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Another post about the Saskatchewan teachers’ strike.

May 25, 2011

Oxygentax has a great post today asking many of the questions that I’ve been considering.

Why do we feel that teachers need to be paid as much as they currently are? Why is it generally agreed that teachers are underpaid and that they DESERVE more?

You should definitely read the whole thing.

Last week a teacher explained to me that teachers were asking for a 12 month contract because they got locked into a three year contract and missed their chance to ask for more money when the province had higher than expected income.  He also explained that the nurses received a huge raise and teachers should get a similar increase because the province was receiving a lot of money from potash revenue.  Basically, the government “has more money and we want our share” (I’m paraphrasing).

So many, many questions.

Who created that increased wealth?

The province may have more money right now but what happens when revenue falls?  Will teachers take a pay cut?  Will any of the other unions?  The company my mother works for gives bonuses in good years rather than raises because raises lock in future obligations regardless of the future income of the business.    Perhaps merit bonuses could be instituted for teachers.

Why should the teachers expect the same increase as nurses?  Why should any union expect the same contract as any other union?  Each is unique.  I would argue that the nurses received too much.  Must we compound one mistake by repeating it?  That has already happened within the health region.

Last question:  Any bets on when the next strike days will occur?  I should give a prize to whomever who gets it right.  Not to a teacher though!  That would be cheating!

12 Comments leave one →
  1. May 25, 2011 5:00 pm

    Do a little research. Education is the insulation against the bad economic times; there are many countries that have embraced this new ‘global village’ reality. Shanghai, Singapore and South Korea have leapfrogged to the top of the international educational pile and their economies are soaring! Why do you think that Canada weathered the recession so much better than the U.S.?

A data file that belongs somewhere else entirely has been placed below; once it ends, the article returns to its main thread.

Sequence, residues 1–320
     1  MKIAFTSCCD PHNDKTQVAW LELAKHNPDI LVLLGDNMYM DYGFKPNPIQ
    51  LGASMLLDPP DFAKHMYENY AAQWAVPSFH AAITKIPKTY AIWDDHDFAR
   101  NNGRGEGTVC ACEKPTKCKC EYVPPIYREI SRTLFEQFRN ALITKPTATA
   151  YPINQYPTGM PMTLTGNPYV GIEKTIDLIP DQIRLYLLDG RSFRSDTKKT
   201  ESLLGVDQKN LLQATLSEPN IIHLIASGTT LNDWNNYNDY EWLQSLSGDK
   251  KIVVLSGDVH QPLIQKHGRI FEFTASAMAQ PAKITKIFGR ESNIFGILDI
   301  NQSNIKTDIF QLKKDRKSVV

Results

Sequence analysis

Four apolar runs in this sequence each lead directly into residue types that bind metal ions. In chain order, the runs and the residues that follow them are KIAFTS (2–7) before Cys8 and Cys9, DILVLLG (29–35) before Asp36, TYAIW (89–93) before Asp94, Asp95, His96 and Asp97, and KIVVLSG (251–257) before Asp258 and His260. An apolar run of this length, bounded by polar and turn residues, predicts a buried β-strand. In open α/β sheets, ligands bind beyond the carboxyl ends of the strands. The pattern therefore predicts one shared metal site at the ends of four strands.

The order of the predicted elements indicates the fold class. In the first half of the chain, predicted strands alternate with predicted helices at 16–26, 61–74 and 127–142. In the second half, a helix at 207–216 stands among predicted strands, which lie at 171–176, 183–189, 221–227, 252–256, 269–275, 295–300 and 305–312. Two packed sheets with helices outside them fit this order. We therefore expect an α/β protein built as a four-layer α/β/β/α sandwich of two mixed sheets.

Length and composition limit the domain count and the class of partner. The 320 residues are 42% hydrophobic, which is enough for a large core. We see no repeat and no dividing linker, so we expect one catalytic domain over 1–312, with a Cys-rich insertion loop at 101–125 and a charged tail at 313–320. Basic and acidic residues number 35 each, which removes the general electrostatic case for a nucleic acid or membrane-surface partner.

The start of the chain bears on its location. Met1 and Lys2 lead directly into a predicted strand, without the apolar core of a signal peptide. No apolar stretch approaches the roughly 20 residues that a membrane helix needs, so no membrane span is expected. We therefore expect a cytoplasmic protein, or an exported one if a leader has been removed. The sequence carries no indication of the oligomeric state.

While we are doing well we need to invest in education so we can avoid the eventual bust that always happens to an energy based economy.

    I completely accept that people question what teachers are ‘worth’ raise wise, but I do encourage people to consider who they want as teachers in their society. I think most people would agree that we need every teacher to be a ‘great’ teacher; however if we devalue teachers how can we attract those people. Countries that pay teachers (starting wage) on par with other professionals with similar degrees are able to attract top quaility individuals into the teaching field. (Our provincial governments have allowed teacher salaries to fall behind similary qualified fields.) Noteably, South Korea is ackowledge as the best recruiter of teachers, but they pay (on average, when cost of living is calculated) their teachers about 250% what teachers in North America make.

    So, please, instead of asking what teachers deserve as a raise, ask what we need to pay teachers to attract the people we need to produce the best educational product that will establish us a among the best in the world so our economy can withstand the bust after the boom and our society can prosper in the new global economy.

    (Merit pay sounds like a solution, but again research will show that it has almost no impact on improving educational outcomes – I know it doesn’t make sense but a lot of places have tried it and the results are quite clear…)

    • Lenora permalink
      May 26, 2011 6:52 pm

      So how is paying teacher’s a higher wage going to make education any better? Wouldn’t the money that the teacher’s are asking for be better used to equip better resources for education? I can’t honestly see how if we pay a teacher a higher wage it will improve my child’s education. As far as I see it the only one that is benefitting is the teacher and the rest of us are to suffer with higher taxes, less teachers, higher student/teacher ratios and the closing of schools. Oh wait….it’s happening in Alberta right now!!!

  2. May 25, 2011 11:36 pm

    Actually BT, I don’t question what teachers are worth raise wise, I question what teachers are worth as an absolute. Sadly, because they are unionized with absolutely no incentive to improve their results, the natural for society as a whole is to paint with a wide brush and balk at paying the best ones a good wage because the lowest quality ones will also receive the same amount for no other reason than they exist and have warmed a chair for the same amount of time.

    As a friend of mine pointed out this evening on facebook, if teachers are paid less than what they are worth, why then are so many students willing to get into that “profession”?. This is the only true market mechanism that signals whether teachers are being appropriately in Saskatchewan, Canada. Michele’s anecdotal point about teachers asking for a one year contract because they missed out their opportunity to negotiate when the budget surplus was high is rather telling. I would point out though that when Potash revenues were in the tank, teachers still got their 3% raise.

    When it comes to reforms, merit pay should come into play, but there are more than just results to consider. Administrators have to be able to dislodge a teacher if it’s felt that they aren’t doing a good job. Parents know which teachers are performing well and which teachers are performing poorly, so ask the parents twice a year via survey. Teachers that score the lowest get called to the carpet. Get called to the carpet 2 surveys in a row, and the administrator may deny increases. Get called to the carpet a third time in a row and there may be grounds for dismissal. Of course, a union won’t go for this.